What Are Saponins?
- Saponins are chemical compounds that come from natural plant sources, which produce a soapy lather when they are shaken in liquids.
- Saponins bind with cholesterol and other pathogens, which blocks them from being absorbed by the body and carries them through the body's digestive system allowing them to be eliminated. In this way, these phytochemicals reduce cholesterol levels, and by eliminating the other harmful pathogens from the body they relieve stress on the body's immune system, allowing it to operate more efficiently.
- Because saponins are phytochemicals that come from natural plant sources such as soy, alfalfa, yucca and many other vegetables and herbs, there are no reported side effects from their use in dietary supplements.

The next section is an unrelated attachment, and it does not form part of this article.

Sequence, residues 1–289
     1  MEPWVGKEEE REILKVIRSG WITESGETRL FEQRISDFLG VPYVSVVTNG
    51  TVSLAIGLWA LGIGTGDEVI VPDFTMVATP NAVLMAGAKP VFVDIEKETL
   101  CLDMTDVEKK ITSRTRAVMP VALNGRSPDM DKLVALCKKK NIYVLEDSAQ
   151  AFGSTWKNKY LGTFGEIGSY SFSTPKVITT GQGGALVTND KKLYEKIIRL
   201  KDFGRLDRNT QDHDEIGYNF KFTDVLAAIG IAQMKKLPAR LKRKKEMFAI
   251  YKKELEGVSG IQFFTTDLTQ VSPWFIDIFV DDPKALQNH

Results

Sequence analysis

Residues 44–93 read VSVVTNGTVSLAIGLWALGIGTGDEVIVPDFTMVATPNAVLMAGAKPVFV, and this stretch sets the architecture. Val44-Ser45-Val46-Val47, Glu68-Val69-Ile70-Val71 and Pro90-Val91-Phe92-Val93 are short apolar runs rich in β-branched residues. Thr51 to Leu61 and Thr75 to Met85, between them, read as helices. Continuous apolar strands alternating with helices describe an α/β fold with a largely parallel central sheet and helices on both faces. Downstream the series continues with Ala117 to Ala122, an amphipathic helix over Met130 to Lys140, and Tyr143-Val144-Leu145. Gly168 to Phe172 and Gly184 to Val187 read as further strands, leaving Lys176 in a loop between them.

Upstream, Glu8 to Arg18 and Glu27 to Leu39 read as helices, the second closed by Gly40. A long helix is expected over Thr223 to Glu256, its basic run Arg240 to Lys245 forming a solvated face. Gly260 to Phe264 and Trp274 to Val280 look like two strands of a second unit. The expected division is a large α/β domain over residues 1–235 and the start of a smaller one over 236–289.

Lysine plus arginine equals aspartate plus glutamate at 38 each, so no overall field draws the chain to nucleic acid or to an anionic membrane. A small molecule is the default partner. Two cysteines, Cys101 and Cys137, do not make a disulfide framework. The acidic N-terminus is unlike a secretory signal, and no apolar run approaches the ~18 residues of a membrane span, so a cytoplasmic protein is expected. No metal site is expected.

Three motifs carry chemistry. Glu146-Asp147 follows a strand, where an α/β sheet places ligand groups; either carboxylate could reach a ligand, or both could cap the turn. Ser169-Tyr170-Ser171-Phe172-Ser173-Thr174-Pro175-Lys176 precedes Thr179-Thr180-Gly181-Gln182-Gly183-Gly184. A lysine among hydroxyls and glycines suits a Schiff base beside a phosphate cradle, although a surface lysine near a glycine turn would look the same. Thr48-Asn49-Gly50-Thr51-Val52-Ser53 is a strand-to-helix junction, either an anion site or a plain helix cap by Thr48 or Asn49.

In the article "Vegemania: Scientists Tout the Health Benefits of Saponins," Manuel F. Balandrin, a chemist at NPS Pharmaceuticals in Salt Lake City, says, "Because the human digestive system has evolved to handle plants, it's almost impossible to overdose on saponins by eating vegetables."
- Dr. R. Malinow, of the Oregon Regional Primate Center, demonstrated the cholseterol-lowering properties of saponins and published the results of this research in the December 1997 edition of the American Journal of Clinical Nutrition.
Other studies have shown that saponins in the diet can provide the following benefits for humans:
•Lowering cholesterol levels
•Reduced cancer risk
•Boosts the immune system
•Reduction in bone loss
•Relieves skin allergies and eczema
- There are some ongoing scientific studies that will continue to look at the many healthful benefits of saponins including its antioxidant and potential cancer-fighting properties. But for now, saponins are widely accepted as being a safe, beneficial supplement.